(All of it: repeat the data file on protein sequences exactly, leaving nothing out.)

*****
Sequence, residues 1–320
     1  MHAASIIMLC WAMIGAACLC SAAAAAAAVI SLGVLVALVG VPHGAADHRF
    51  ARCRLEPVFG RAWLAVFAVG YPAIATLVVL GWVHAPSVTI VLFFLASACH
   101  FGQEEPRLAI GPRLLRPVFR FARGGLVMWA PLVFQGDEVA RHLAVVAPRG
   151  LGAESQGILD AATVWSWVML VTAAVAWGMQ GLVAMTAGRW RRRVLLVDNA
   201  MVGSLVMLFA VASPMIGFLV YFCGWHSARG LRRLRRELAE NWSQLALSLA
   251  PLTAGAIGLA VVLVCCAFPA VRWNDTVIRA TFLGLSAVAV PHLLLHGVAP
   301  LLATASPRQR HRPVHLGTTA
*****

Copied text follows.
Sequence, residues 1–320
     1  MHAASIIMLC WAMIGAACLC SAAAAAAAVI SLGVLVALVG VPHGAADHRF
    51  ARCRLEPVFG RAWLAVFAVG YPAIATLVVL GWVHAPSVTI VLFFLASACH
   101  FGQEEPRLAI GPRLLRPVFR FARGGLVMWA PLVFQGDEVA RHLAVVAPRG
   151  LGAESQGILD AATVWSWVML VTAAVAWGMQ GLVAMTAGRW RRRVLLVDNA
   201  MVGSLVMLFA VASPMIGFLV YFCGWHSARG LRRLRRELAE NWSQLALSLA
   251  PLTAGAIGLA VVLVCCAFPA VRWNDTVIRA TFLGLSAVAV PHLLLHGVAP
   301  LLATASPRQR HRPVHLGTTA